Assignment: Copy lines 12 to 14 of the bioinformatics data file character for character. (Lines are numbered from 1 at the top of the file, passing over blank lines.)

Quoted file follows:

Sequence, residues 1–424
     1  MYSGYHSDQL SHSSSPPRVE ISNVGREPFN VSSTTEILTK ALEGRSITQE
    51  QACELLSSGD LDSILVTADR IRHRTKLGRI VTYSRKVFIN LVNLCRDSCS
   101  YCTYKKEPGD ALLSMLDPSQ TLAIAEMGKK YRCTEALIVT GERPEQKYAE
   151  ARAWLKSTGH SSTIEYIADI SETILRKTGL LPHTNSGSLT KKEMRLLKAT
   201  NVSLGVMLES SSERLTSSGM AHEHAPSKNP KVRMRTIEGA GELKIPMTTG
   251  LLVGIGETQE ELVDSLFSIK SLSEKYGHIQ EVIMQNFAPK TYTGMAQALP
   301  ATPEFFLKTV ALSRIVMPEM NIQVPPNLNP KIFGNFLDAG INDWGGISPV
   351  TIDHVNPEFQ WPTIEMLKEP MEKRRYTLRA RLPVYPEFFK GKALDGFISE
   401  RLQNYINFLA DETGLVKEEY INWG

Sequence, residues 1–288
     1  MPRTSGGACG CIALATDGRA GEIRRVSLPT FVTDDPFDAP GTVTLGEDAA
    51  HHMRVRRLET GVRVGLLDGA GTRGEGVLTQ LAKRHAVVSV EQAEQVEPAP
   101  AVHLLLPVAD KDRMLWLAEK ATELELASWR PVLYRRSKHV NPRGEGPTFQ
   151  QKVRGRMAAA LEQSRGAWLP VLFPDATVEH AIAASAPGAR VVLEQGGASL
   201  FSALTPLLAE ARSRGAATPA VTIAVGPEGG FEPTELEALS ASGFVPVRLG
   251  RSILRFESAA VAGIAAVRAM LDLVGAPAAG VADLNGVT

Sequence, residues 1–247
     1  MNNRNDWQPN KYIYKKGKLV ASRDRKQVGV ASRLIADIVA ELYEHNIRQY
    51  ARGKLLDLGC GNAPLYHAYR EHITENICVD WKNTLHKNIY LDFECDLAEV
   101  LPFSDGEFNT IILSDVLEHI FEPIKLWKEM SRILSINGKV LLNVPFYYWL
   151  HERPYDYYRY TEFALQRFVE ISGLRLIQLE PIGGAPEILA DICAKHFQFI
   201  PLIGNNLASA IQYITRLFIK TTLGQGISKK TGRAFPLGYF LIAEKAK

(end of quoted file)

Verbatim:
     1  MPRTSGGACG CIALATDGRA GEIRRVSLPT FVTDDPFDAP GTVTLGEDAA
    51  HHMRVRRLET GVRVGLLDGA GTRGEGVLTQ LAKRHAVVSV EQAEQVEPAP
   101  AVHLLLPVAD KDRMLWLAEK ATELELASWR PVLYRRSKHV NPRGEGPTFQ